4. WHO. Prevalence of insufficient physical activity [Internet]. 2016 [cited 7 Oct 2016]. Available from: http://www.who.int/gho/ncd/risk_factors/physical_activity_text/en/
  5. World Bank Country and Lending Groups [Internet]. 2016 [cited 7 Oct 2016]. Available from: https://datahelpdesk.worldbank.org/knowledgebase/articles/906519-world-bank-country-and-lending-groups
  6. 6.0 6.1 WHO. About the GHO [Internet]. 2016 [cited 7 Oct 2016]. Available from: http://www.who.int/gho/about/en/
  7. 7.0 7.1 7.2 WHOe. Prevalence of insufficient physical activity [Internet]. 2016 [cited 10 Oct 2016]. Available from: http://www.who.int/gho/ncd/risk_factors/physical_activity_text/en/
  8. Atkinson K, Lowe S, Moore S. Human development, occupational structure and physical inactivity among 47 low and middle income countries. Preventive Medicine Reports 2015; 4: 40-5.
  9. WHO. 2015. Prevalence of insufficient physical activity among adults Data by World Bank income groups. Accessed at http://apps.who.int/gho/data/view.main.2487?lang=en
  10. WHO, 2014. Age-standardized prevalence of insufficient physical activity in adults.
  11. WHO, 2015. Prevalence of insufficient physical activity among school going adolescents Data by World Bank income groups. Accessed at http://apps.who.int/gho/data/view.main.2487ADO?lang=en
  12. Lee IM, Shiroma EJ, Lobelo F, Puska P, Blair SN, Katzmarzyk PT, Lancet Physical Activity Series Working Group. Effect of physical inactivity on major non-communicable diseases worldwide: an analysis of burden of disease and life expectancy. The lancet. 2012 Jul 27;380(9838):219-29.
  13. 13.0 13.1 Ding D, Lawson KD, Kolbe-Alexander TL, Finkelstein EA, Katzmarzyk PT, Van Mechelen W, Pratt M, Lancet Physical Activity Series 2 Executive Committee. The economic burden of physical inactivity: a global analysis of major non-communicable diseases. The Lancet. 2016 Sep 24;388(10051):1311-24.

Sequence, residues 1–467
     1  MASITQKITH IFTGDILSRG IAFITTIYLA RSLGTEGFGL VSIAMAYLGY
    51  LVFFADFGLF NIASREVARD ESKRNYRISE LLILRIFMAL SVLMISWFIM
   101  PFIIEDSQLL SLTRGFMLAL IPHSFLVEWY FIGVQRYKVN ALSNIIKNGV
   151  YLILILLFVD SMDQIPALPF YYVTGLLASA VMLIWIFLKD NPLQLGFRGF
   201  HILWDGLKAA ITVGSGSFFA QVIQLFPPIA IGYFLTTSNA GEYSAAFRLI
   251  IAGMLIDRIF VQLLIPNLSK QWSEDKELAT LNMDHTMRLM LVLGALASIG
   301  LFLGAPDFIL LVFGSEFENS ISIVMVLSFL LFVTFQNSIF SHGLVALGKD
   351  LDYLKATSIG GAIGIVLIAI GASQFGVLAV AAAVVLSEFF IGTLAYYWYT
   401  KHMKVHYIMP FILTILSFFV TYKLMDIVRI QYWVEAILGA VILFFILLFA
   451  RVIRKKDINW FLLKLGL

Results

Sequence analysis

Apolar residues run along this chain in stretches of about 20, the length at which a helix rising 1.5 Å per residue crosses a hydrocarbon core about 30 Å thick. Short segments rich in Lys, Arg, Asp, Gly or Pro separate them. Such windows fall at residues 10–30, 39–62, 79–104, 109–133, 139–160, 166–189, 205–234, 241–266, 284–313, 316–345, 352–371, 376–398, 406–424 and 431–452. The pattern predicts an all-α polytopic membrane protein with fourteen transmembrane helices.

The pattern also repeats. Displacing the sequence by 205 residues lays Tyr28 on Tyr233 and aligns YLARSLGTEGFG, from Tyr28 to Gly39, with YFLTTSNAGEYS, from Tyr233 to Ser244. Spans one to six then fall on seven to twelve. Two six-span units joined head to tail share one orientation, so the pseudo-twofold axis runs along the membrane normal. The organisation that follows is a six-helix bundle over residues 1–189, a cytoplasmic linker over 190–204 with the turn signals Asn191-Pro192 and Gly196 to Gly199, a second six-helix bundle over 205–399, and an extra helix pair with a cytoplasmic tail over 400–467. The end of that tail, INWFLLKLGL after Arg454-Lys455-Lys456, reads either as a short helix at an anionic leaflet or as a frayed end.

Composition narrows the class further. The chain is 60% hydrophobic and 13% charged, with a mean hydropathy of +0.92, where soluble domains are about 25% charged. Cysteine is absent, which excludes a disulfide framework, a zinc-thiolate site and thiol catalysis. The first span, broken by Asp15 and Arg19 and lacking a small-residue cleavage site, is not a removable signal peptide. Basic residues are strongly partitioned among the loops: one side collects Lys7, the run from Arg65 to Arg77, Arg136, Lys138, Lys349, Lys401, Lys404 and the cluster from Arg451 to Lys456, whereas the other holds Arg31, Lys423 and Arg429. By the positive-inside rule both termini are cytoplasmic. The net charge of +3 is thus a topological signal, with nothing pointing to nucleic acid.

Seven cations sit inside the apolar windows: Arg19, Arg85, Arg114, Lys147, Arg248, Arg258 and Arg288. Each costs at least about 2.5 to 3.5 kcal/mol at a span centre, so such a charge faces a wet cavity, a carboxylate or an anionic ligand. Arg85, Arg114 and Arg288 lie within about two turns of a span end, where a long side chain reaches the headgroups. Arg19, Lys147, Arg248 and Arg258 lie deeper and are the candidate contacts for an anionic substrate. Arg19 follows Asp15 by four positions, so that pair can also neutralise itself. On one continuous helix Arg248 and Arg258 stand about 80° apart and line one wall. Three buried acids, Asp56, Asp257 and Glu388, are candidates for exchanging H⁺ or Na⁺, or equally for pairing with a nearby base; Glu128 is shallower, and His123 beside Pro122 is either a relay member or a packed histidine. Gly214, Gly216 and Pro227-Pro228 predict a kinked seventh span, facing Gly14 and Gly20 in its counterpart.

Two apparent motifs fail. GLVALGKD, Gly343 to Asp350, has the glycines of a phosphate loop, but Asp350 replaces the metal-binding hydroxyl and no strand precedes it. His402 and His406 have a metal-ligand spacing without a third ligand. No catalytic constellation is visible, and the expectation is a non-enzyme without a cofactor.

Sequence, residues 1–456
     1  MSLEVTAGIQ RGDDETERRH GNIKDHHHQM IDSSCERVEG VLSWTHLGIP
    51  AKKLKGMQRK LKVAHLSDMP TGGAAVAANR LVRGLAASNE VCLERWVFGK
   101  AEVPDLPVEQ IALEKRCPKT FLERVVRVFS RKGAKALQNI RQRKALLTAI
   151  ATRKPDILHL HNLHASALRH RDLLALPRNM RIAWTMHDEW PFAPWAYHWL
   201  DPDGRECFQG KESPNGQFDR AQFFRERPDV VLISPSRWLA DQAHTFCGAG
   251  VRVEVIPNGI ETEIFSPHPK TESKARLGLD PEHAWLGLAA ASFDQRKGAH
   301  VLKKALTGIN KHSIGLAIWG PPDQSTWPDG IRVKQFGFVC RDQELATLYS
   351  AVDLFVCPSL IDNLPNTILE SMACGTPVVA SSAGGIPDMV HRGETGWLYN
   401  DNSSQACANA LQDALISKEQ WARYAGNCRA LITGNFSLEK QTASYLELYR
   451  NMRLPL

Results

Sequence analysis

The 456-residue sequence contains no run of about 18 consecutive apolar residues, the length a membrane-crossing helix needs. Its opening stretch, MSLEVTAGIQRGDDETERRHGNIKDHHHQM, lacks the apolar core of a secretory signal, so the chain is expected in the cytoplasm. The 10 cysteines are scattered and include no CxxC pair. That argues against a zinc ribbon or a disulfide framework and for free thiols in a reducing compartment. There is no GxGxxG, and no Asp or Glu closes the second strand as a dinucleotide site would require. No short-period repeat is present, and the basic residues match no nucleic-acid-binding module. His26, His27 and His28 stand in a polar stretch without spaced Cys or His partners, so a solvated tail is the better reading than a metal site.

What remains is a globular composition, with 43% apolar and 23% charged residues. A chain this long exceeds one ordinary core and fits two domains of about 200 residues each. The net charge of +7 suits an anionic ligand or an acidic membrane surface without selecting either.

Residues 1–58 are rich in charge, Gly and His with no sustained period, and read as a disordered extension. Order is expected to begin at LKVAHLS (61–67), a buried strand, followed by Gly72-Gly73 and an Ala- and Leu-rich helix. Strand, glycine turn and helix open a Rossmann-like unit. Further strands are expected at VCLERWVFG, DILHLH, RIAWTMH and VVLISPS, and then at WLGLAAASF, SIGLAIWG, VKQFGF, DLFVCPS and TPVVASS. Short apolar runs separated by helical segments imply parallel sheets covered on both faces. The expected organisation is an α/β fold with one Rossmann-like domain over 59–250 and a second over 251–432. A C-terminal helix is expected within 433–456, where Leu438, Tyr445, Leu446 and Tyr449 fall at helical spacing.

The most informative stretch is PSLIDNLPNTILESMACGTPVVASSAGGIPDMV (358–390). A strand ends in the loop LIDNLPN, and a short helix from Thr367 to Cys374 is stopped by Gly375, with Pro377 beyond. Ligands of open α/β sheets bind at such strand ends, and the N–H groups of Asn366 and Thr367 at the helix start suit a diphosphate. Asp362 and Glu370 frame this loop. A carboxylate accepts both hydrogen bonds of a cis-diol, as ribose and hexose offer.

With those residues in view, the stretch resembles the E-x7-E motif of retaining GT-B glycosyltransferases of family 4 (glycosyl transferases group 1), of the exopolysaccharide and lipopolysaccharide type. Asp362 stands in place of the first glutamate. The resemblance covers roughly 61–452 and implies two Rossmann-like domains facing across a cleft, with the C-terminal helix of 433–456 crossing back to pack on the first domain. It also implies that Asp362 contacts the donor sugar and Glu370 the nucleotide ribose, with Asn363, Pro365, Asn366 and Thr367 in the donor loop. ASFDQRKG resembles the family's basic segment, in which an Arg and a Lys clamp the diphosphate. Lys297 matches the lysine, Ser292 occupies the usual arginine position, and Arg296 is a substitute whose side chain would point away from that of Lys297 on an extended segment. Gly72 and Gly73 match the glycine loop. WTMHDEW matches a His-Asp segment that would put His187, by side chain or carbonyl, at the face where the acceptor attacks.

14. WHO.Physical inactivity: A Global Public Health Problem [Internet]. 2016 [cited 11 Oct 2016]. Available from :http://www.who.int/dietphysicalactivity/factsheet_inactivity/en/
  15. WHO, 2016. About 9 voluntary global targets [Internet, cited 11 Oct 2016]. Available from: http://www.who.int/nmh/ncd-tools/definition-targets/en/
  16. Heath GW, Parra DC, Sarmiento OL, Andersen LB, Owen N, Goenka S, Montes F, Brownson RC, Lancet Physical Activity Series Working Group. Evidence-based intervention in physical activity: lessons from around the world. The lancet. 2012 Jul 21;380(9838):272-81.
  17. Hallal PC, Andersen LB, Bull FC, Guthold R, Haskell W, Ekelund U, Lancet Physical Activity Series Working Group. Global physical activity levels: surveillance progress, pitfalls, and prospects. The lancet. 2012 Jul 21;380(9838):247-57.
  18. Cycling Embassy of Denmark. Good, Better, Best – The City of Copenhagen’s Bicycle Strategy 2011-2025. 2012 [cited 13/01/2017]. Available from: http://www.cycling-embassy.dk/2012/01/20/good-better-best-the-city-of-copenhagens-bicycle-strategy-2011-2025/
  19. The City of Copenhagen. Good, Better, Best. The City of Copenhagen’s Bicycle Strategy 2011-2025. 2011.
  20. Cycling Embassy of Denmark.Facts about Cycling in Denmark. 2015 [cited 13/01/2017]. Available from: http://www.cycling-embassy.dk/facts-about-cycling-in-denmark/statistics/
  21. Global Physical Activity Observatory. Physical Activity Country Card: Qatar. 2012 [cited 13/01/2017]. Available from: http://www.globalphysicalactivityobservatory.com/card/?country=QA
  22. 22.0 22.1 Donnelly, TT. Al-Thani, AAM.Promoting Physical Activity among Arab women. What healthcare professionals need to know.Physical Activity in the Arab Region.Aspetar 2015; 4: 222-6
  23. Benjamin K, Donnelly TT. Barriers and facilitators influencing the physical activity of Arabic adults: A literature review. Avicenna. 2013 Sep 1:8
  24. Government of Qatar.National Sports Day. 2017 [cited 13/01/2017]. Available from: http://portal.www.gov.qa/wps/portal/about-qatar/nationalsportday